You think you have Daddy Issues? – A look at Dostoevsky’s TBK

For me there are two types of fictional books.

Book’s that entertain and give you a shot of adrenaline from either a fright or some plot thrill; or a dose of dopamine from some romantic encounter.

These types of writer’s are in a sense drug dealers. They provide a narrative that causes your imagination to get worked up enough to trigger your glands to give you your ‘hit’. A sort of mental masturbation as it were. (Isn’t that what the whole romance genre is?)

And like all drugs, they are very good at distracting us and numbing us from our reality for a little bit – That we are lonely. That our lives will never live up to the characters in our books. That we are anxious and depressed and we don’t know why. That our family sucks. That life is futile. Not to mention the gnawing knowledge that we are but specks of dust on a speck of dust hurtling through space.

And then there are books that come at you in the disguise of entertainment but really they are meant to open your mind to the big questions.

Why are we here?
What is the point of things?
What is the meaning of life?
Does anything matter?
What is the greatest good?

Books, that once you have read you can’t unread them. Books that are actually honest about what it means to be a human and not just portray one dimensional heroes and villains.

The Brother’s Karamazov by Dostoevsky is one of those books.

You can come for the sordid love triangle and the whodunit parricide but underneath the covers is the Magnus Opus of a writer that drank fully from the crucible of human vice and suffering and then poured it into his characters.

Just to name a few of his very own real life sufferings and ‘shortcomings’ that are in various characters in the book:

Had a toddler that died.
Had horrible seizures.
Had a horrible addiction to gambling.
Was a womaniser and adulterer.

Here is a great biography detailing this: YouTube Biography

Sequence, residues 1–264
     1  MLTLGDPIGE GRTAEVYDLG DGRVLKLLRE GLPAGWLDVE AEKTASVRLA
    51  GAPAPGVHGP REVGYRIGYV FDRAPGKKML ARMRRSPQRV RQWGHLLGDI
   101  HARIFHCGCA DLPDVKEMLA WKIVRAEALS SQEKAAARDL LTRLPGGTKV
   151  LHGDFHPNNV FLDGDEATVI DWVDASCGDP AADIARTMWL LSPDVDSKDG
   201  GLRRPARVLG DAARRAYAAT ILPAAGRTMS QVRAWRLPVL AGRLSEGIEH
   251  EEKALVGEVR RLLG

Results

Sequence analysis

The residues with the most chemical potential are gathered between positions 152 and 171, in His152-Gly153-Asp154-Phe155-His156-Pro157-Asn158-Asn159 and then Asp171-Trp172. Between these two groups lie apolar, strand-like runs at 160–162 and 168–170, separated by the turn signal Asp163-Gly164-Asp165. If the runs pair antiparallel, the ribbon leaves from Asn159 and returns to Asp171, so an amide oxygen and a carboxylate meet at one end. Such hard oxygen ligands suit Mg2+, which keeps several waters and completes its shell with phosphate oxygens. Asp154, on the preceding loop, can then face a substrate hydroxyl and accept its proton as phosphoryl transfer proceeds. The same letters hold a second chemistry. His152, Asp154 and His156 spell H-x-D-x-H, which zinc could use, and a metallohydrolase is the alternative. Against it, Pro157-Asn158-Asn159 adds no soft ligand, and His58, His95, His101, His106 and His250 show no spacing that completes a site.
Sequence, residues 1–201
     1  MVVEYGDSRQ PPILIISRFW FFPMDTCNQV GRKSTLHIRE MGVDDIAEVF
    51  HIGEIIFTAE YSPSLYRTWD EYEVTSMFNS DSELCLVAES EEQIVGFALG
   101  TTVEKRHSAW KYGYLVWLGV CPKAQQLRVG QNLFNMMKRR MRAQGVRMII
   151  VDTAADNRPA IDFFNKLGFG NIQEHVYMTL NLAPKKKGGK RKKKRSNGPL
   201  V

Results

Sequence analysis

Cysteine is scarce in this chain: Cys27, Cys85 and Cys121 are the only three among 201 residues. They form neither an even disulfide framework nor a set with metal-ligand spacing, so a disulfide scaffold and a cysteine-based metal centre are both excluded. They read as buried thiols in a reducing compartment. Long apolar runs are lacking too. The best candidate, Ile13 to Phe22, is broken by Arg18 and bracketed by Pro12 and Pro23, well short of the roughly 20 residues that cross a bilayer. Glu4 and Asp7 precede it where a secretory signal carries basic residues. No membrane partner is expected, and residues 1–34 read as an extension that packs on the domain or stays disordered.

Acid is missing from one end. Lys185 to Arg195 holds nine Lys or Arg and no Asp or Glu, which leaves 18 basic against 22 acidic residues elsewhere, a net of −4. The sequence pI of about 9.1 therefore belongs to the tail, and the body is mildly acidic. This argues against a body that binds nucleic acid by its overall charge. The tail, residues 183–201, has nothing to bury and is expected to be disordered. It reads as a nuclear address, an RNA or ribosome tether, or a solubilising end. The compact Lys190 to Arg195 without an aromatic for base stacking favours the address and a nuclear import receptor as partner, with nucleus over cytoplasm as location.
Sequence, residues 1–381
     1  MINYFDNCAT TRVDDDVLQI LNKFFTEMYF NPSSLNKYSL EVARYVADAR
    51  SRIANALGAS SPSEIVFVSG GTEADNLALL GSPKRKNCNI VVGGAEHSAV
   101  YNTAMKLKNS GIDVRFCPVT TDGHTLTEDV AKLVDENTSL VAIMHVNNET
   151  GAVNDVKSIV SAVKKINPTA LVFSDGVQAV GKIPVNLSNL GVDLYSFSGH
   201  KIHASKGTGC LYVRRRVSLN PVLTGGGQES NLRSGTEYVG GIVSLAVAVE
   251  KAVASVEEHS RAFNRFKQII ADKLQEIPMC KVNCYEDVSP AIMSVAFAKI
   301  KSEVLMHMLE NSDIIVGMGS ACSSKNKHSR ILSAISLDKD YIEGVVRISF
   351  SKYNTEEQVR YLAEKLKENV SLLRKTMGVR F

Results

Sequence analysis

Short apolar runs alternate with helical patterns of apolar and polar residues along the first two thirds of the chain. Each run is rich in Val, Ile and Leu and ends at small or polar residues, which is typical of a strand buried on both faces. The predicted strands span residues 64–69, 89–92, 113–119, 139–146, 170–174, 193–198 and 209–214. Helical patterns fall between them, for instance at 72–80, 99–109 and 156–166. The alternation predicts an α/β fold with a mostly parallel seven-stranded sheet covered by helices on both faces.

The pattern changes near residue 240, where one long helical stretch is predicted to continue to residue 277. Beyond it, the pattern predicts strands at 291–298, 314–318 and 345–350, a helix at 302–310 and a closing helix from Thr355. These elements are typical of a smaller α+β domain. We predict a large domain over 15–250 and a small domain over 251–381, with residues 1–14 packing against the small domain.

And as for the reasons for all of these questions he argues both sides – atheism and theism (Christianity in particular) and both sides point to this book (especially Book 5) as reference. And both sides should read it to find out what they actually believe.

Not to mention:
Philosophy profs,
Gregory B. Sadler

And psychology profs
Jordan B Peterson

Pretty much if you want to understand existentialism you don’t need that 4th year PHIL course – you can just read this book.

The whole thing boils down to one big question – what are you going to do with your existence and the freedom of choice that being human affords us (if such a thing exists).

According to Dostoevsky, being human means at its heart two things.
1. There is suffering (everyone suffers)
2. You can decide to be irrational (being irrational is distinctly human)

What character in TBK do you most align yourself with or are most drawn to? It can reveal a lot about yourself. It is sort of a Myers Brigg test for your soul.

His biggest philosophical statement comes from the famous line given by Ivan

“If God does not exist, everything is permitted”

It is a heavy argument because logically if this life and reality is all there is and you become non existent after you die what difference does it make what kind of a person you were alive – If you were noble and kind like Alyosha are a complete ass like his dad Fyodor. It is within this wonderful juxtaposition that all the other characters fall and must navigate in this most brilliant of books.  A must read if you are human.

Come for the entertainment but leave with some philosophy.






One response to “You think you have Daddy Issues? – A look at Dostoevsky’s TBK”

  1. […] Later, when l read ‘The Brother’s Karamazov’ my full appreciation for him blossomed. […]

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